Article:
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5 Efficiency Strategies for Online Marketing Too Many Webmasters Neglect

When most people think about improving their online marketing campaigns, they think about how to attract more people, or attract those people more strongly. For example, they might think about bringing in a new channel, increasing their budgets, or trying to target their demographics with more precision.

These are all valuable strategies, and they’ll serve a great purpose in earning you better online marketing results. However, they only focus on one side of the equation. Your return on investment (ROI) in marketing is based not only on your results – but also on how much you invest into your efforts. To see the best return, therefore, you have to increase your marketing efficiency, and too many marketers neglect this.

Efficiency Strategies in Online Marketing

If you want to maximize your marketing efficiency, consider adopting these important efficiency strategies:

  1. Use time tracking software. Time tracking software like Clockspot serves a number of positive functions for your brand. On a surface level, it helps you collect data on employee performance, which allows you to make critical performance evaluations and gradually improve your team. On another level, your time tracking can (from a broad perspective) help you figure out exactly where you’re spending the most time. You can then compare this time expenditure to the return you’re getting, and weed out the ineffective strategies in your arsenal.
  2. Work with specialists rather than generalists. This is a general rule that may not apply to all brands or all industries, but for the most part, it’s more efficient to have a team of specialists than it is to have a team of generalists. For example, it’s better to have a content expert, a paid advertising expert, and an in-person sales expert working together in tandem than it is to have three people who have general skillsets that would make them adept, or passable, in all three of these areas. Specialists know what they’re doing, and they can do it faster and better than a comparable generalist. The hitch is to keep your team collaborating in a way that complements their skillsets.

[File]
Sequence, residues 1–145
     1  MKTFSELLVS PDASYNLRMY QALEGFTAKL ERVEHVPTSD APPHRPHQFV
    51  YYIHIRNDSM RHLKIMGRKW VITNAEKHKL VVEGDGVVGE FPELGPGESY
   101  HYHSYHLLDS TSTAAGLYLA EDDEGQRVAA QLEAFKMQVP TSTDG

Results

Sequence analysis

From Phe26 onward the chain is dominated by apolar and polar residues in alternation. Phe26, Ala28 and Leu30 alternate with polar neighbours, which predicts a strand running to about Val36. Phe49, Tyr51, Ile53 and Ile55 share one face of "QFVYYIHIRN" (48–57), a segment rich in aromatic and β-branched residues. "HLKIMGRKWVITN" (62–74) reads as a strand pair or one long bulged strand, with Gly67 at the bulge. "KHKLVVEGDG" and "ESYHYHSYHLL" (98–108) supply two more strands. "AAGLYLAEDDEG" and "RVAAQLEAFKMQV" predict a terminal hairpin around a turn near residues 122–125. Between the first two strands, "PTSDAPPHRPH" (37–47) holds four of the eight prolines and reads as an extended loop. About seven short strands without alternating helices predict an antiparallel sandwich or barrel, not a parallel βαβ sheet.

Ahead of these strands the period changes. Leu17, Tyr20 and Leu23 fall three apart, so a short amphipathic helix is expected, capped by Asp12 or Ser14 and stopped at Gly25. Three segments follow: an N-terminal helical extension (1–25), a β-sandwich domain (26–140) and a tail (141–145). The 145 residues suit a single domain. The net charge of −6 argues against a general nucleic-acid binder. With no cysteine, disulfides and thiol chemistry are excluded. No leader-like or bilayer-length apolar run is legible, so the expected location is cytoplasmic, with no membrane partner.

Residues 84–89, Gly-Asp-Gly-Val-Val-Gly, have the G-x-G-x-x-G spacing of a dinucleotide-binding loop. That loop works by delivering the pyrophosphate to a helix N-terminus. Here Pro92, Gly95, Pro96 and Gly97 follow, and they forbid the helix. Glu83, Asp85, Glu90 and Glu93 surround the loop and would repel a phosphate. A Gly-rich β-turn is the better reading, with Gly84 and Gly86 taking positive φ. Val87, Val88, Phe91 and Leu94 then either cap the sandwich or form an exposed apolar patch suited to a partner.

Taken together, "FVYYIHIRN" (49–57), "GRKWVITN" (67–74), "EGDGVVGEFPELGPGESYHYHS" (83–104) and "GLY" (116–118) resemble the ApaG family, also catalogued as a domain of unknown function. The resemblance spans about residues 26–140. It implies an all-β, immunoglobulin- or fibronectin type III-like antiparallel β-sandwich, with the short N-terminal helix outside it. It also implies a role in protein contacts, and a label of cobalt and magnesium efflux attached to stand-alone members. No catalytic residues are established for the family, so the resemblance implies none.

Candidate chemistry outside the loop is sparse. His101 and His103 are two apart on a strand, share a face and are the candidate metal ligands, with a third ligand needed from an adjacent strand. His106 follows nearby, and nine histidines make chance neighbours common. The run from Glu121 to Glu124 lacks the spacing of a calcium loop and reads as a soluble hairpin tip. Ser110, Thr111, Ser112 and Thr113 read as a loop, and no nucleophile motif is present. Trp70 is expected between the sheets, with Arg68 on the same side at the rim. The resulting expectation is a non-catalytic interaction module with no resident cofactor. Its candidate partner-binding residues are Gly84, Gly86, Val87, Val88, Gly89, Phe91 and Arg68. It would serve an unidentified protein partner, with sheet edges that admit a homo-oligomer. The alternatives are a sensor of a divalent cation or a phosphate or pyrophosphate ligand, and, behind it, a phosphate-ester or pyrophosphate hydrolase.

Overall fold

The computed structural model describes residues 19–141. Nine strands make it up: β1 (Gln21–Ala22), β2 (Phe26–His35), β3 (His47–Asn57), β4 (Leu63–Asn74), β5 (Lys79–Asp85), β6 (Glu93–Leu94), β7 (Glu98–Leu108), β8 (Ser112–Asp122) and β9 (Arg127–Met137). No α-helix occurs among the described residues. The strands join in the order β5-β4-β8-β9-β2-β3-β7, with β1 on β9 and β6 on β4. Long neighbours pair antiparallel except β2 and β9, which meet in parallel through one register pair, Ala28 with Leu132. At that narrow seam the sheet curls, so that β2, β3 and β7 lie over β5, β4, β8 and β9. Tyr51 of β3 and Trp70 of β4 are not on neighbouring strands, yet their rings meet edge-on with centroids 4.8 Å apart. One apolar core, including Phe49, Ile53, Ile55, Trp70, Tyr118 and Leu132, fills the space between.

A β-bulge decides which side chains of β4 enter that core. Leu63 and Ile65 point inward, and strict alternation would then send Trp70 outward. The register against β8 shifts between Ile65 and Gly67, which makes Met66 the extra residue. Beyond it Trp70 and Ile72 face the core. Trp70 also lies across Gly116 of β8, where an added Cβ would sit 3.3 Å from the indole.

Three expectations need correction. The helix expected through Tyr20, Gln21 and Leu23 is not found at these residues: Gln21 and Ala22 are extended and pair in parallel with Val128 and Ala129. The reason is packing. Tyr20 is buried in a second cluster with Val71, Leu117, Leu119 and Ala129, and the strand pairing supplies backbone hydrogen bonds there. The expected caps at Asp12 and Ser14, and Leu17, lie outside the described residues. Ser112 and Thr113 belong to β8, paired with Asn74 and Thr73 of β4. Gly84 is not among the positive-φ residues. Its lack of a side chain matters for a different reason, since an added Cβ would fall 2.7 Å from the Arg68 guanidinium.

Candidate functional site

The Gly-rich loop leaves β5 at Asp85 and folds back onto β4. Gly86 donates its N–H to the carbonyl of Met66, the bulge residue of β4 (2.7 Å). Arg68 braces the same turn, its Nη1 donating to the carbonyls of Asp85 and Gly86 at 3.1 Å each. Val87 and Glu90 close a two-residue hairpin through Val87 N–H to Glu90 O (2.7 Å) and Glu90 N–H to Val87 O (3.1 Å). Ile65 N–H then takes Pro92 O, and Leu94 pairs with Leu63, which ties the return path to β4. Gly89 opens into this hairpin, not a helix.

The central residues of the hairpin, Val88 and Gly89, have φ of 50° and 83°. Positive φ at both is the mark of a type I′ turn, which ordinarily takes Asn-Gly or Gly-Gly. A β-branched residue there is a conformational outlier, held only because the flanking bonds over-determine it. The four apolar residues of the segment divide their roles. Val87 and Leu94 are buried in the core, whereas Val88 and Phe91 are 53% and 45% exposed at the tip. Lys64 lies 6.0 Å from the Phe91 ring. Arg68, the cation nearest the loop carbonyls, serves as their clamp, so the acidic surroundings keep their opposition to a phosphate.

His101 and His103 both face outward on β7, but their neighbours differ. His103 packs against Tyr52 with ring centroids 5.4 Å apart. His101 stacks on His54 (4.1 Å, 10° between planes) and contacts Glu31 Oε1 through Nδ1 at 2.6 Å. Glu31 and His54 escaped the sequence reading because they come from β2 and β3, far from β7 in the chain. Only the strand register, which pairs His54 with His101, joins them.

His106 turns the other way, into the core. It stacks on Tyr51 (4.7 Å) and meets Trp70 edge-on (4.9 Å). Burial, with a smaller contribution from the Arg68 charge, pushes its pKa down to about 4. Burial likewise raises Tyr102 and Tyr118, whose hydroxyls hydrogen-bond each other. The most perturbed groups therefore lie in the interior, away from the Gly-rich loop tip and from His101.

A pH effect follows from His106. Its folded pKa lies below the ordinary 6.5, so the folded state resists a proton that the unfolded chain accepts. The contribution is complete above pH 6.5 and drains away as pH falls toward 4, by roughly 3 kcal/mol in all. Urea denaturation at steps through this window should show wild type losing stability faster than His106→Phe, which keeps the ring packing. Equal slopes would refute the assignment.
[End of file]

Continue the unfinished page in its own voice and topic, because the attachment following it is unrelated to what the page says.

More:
3. Automate whenever possible. If you’re the hands-on type, you might have an innate desire to have you and your team directly involved in the marketing process at all times. Don’t shy away from automation—it has incredible potential to increase your team’s efficiency. There are dozens of software programs out there, from team communication and collaboration platforms to social media syndication platforms—not all of them will work for your business, but the ones that do can save you dozens of hours (or thousands of dollars) in exchange for a few dollars a month.
  4. Only invest in the strategies that work. It’s tempting to opt for as many strategies as you can; after all, there’s an advantage in spreading your presence and reaching the widest possible audience. Experimentation is also good; otherwise, you’ll never learn what works and what doesn’t. However, after that initial “learning curve” experience, you should have a good idea about what strategies work and what strategies do not. Don’t continue investing in strategies that aren’t paying off, when you could be investing more in your effective strategies.
  5. Update your SOPs. Every business has a unique way of doing things, such as different approaches, different priorities, and of course, different budgetary allocations. It’s highly unlikely that you’ll stumble upon the “perfect” standard operating procedure (SOP) or budget right away. Instead, as you learn more about your business, your customers, and even your employees, you’ll need to update these procedures. Collectively, you’ll grow more efficient at your individual jobs, and your campaign-level strategic focus will become sharper. Be sure to at least review these documents quarterly.

Step By Step

You don’t need to change your marketing approach all at once. In fact, you probably shouldn’t. If you reform an entirely new marketing approach based purely on your instincts and assumptions, you’ll probably adopt at least a few tactics that set you back more than they help you. Your goal here is a long-term increase in your return, which means you can’t opt for a short-term strategy and hope to be successful. Start incorporating new strategies gradually, testing them out, and only keep the changes that appear to have a positive impact on your bottom line.

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